XML documents may contain CDATA marked sections. SGML documents may contain CDATA, RCDATA, IGNORE, and INCLUDE marked sections. OmniMark provides markup rules for handling all these types of marked sections.
CDATA and RCDATA marked sections serve to protect text from being misinterpreted as markup (start tags, end tags, entity references or declarations). These marked sections affect how the data is parsed by the SGML parser, but they do not usually affect the way that OmniMark processes the resulting data content.
It is very important to understand that the presence or absence of
marked-section rules does not affect how marked sections are treated by the SGML parser. They only determine how the SGML parser presents the resulting text to OmniMark.
A similar set of statements applies to CDATA and RCDATA marked sections as applies to IGNORE marked sections. The major difference is that the "default" processing for CDATA and RCDATA marked section is to treat their text content as data content, and not to discard it.
marked-section rcdatarules, then OmniMark treats the text resulting from these marked sections as if the text resulted from ordinary data content. In other words, OmniMark does not detect the boundaries between the text originating from inside the marked section and the text originating from outside the marked section.
marked-section cdatarule may be selected for a CDATA marked section. That is, either there must only be one
marked-section cdatarule or, if there is more than one such rule, each must have a condition. Similarly, only one
marked-section rcdatarule may be selected for an RCDATA marked section. It is an error for more than one
marked-section rcdatarule to be selected for a CDATA or an RCDATA marked section.
%coperator captures the text of a CDATA or RCDATA marked section. Either
suppressmust be used exactly once in a
marked-section rcdatarule. All modifiers supported by
%ccan be used on a
%coperator in a
marked-sectionrule in the OmniMark program.
sgml-outaction determines what happens to record ends in the text of a CDATA and RCDATA marked section.
OmniMark programmers should note that, in keeping with the provisions of clause 10.4.1 of the SGML standard (ISO 8879:1986), all pairs of "<[" and "]]>" within an IGNORE marked section are matched and treated as text. This means that any marked sections nested within an IGNORE marked section, including the opening and closing delimiters, are treated as part of the text of the IGNORE marked section.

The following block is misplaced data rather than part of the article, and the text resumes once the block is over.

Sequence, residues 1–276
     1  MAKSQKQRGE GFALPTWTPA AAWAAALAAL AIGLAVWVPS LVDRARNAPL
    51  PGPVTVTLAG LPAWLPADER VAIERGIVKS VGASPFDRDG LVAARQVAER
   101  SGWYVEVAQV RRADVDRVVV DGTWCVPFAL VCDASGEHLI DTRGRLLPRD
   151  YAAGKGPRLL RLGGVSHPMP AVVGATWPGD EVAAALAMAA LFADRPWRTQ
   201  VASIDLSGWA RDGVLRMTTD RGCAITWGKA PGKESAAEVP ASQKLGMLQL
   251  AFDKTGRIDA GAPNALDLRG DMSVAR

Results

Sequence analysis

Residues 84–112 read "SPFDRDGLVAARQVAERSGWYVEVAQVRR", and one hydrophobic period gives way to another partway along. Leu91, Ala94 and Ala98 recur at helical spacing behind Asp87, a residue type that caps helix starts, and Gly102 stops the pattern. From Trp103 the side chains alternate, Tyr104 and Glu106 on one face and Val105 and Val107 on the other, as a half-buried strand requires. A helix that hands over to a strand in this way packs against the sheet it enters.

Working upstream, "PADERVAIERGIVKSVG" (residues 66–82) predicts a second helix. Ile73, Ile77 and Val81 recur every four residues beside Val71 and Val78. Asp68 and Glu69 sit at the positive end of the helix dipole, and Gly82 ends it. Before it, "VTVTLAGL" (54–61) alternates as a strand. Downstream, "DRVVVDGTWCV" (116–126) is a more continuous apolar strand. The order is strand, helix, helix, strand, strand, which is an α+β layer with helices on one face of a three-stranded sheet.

The text of an IGNORE marked section consists of all the characters between the DSO delimiter following the status keyword specification, and the marked section end (that is, between the "[" following the keyword IGNORE and the "]]>"). The text does not include the surrounding delimiters, but does include any record ends or white space within the marked section.
Any SGML comment in the header of an IGNORE marked section is processed prior to the processing of the IGNORE marked section.
Only marked sections in the document instance are available for processing by an OmniMark program. Marked sections in the DTD are always ignored, whether or not there is any
marked-section rule in the OmniMark program.
The setting of the
sgml-out action determines what happens to record ends in the text of an IGNORE marked section.
SGML comments and
rcdata marked sections are all processed similarly. However,
include marked sections require quite a different approach. Instead of having one rule to process an
include marked section, OmniMark provides two: one for processing the start of a marked section and one for the end. This split is necessary because, unlike other types of marked sections, an
include marked section can start in the context of one element and end in another, and so can overlap the hierarchical structure that ties the components of a parsed SGML document together.
This kind of overlapping cannot happen with
rcdata marked sections because they inhibit the recognition of other markup, including start and end tags, within their text. An important consequence of this is that the whole of the text of an
rcdata marked section is processed with one set of output streams (as used by the
output action and as available using the
#current-output stream set) and inherits the stream destinations and stream modifiers from the
data-content rule that processes the surrounding content.
The contents of an
include marked section, can be part of one or more elements, the
data-content rules for which each may specify different output destinations and stream modifiers. To avoid all the complexity and user confusion that could result from trying to "merge" the specifications of the rules for
include marked sections and the applicable
include marked section rules only apply to the start and end of an
include marked section. The
include marked section's rules have no direct influence on the processing of the marked section's content. The two rules are the
marked-section include-start and
marked-section include-end rules.
The OmniMark program can influence the processing of the content of an
include marked section by setting global variables and testing them in
data-content rules, so that those rules can detect when they occur in an
include marked section.
This is an example of an INCLUDE marked section overlapping the element structure of a document:
<title>Part of the title. <![INCLUDE[More of the title. <p>The first paragraph. <p>Part of the second paragraph. ]] More of the second paragraph.